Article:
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Lung Function

Table 2

Table 2

Figure

Figure

Interestingly, after 24 hours of isoflurane sedation, all patients were able to breathe spontaneously during deep sedation (Table 2). Also, in all cases, delta P (peak inspiratory pressure − positive end-expiratory pressure) could be reduced, whereas tidal volumes were increased (Figure). We also found that PaO2 and PaCO2 improved on inhaled sedation while ECMO pump flow and ECMO oxygen flow remained constant or decreased (Table 1).

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Hemodynamics

Inhaled sedation was not associated with hemodynamic instability. The norepinephrine dose was reduced with use of inhaled sedation in 5 cases and increased in the sixth. (Figure). The mean arterial pressure decreased in 1 case but remained above 60 mm Hg. In the 2 cases with tachycardia, heart rate decreased after 24 hours, and in the other cases, it remained constant. After 24 hours of isoflurane sedation, opioid consumption was decreased in all cases (Figure).

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DISCUSSION

In this case series, we describe the successful use of isoflurane sedation with the AnaConDa system in 6 patients being treated with ECMO for respiratory failure. We found this strategy feasible, with theoretical advantages including bronchodilation,4,5 cardio-7 and lung-protective effects,8,9 good control of the level of sedation,10,11 and the ability to achieve deep sedation. Some data also suggest that the mortality of long-term ventilated critically ill patients sedated with isoflurane may be lower than that of patients sedated intravenously with propofol or midazolam.12

In some of our patients, tidal volume was below 100 mL initially, but increased to above 180 mL during inhaled sedation. With a small tidal volume, isoflurane that is injected into the AnaConDa device between the reflector and the patient may not be delivered to the gas-exchanging areas of the lung with the first inspiration. We did not find any difficulties in administering isoflurane in doses sufficient to produce deep sedation. Wash-in was quick enough to keep patients sedated after IV sedatives were stopped abruptly.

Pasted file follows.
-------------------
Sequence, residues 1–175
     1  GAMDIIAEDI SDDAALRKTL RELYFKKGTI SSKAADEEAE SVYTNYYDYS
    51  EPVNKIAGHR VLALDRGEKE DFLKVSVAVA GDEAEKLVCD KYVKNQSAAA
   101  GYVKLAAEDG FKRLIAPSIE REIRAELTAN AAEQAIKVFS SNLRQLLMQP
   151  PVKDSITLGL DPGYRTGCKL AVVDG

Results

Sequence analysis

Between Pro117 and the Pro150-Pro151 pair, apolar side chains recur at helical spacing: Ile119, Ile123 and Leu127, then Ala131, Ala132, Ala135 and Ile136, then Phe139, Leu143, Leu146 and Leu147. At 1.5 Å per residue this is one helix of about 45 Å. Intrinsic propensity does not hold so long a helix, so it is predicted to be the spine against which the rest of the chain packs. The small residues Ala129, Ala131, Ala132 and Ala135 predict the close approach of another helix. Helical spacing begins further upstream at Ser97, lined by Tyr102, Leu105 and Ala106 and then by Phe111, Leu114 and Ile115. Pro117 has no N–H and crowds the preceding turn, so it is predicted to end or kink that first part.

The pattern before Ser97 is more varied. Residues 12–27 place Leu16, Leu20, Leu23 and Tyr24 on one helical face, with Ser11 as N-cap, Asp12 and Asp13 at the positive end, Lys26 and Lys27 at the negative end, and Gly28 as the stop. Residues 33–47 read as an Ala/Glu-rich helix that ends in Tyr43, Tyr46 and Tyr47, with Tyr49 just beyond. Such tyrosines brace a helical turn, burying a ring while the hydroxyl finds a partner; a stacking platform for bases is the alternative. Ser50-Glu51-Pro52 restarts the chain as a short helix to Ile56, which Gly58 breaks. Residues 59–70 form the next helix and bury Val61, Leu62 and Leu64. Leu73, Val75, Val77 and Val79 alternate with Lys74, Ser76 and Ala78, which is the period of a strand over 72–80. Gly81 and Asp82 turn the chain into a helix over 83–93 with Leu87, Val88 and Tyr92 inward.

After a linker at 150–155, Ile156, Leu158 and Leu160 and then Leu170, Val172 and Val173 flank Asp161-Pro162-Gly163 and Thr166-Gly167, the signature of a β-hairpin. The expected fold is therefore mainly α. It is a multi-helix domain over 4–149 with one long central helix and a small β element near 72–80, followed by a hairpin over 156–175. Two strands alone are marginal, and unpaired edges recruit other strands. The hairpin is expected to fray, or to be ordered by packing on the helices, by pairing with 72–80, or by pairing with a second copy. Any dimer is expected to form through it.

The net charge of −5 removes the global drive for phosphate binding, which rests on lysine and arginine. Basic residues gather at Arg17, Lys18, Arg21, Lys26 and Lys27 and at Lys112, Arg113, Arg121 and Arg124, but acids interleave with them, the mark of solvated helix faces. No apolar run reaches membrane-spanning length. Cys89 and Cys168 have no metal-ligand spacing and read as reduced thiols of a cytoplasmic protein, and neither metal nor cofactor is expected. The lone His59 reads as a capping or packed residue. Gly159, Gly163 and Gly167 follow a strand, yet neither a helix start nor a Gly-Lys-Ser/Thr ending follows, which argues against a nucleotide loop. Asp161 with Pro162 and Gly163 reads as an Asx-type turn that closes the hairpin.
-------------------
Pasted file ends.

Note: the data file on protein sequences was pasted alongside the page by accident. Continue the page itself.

Severe respiratory acidosis may be 1 reason to install ECMO therapy. Because of the 100-mL internal dead space and CO2 reflection, carbon dioxide removal is impaired with the AnaConDa device.11,13,14 Consequently, tidal volumes above 350 mL are normally recommended, which may preclude use of this device when low-volume lung-protective ventilation strategies are used. However, device dead space is less concerning during ECMO therapy where carbon dioxide may be eliminated via both the oxygenator membrane and tidal ventilation.

While receiving isoflurane, all 6 patients in our case series were hemodynamically stable and breathing spontaneously. All patients also reacted to endotracheal suctioning despite RASS scores of −4 to −5. Using these clinical parameters, we found it easily possible to evaluate depth of sedation. A clinical means for assessing sedation level was important in our cases because, in this case series, with tidal volumes possibly smaller than anatomical dead space, the end-tidal anesthetic concentration displayed by the gas monitor was inaccurate.

Surprisingly, in this case series infusion pump rates of only 1–3 mL/h were needed. Isoflurane undergoes very little systemic metabolism and is eliminated primarily through pulmonary exhalation. The AnaConDa system recycles 80%–90% of inhaled agents, which facilitates low-infusion volumes for patient sedation. In addition, unlike carbon dioxide, isoflurane is not eliminated via the polymethylpentene membranes of modern oxygenators.15 When using low-minute ventilation under ECMO therapy, therefore, isoflurane consumption will be even lower. This also means that sweep gas from the oxygenator does not contain isoflurane and does not need to be scavenged.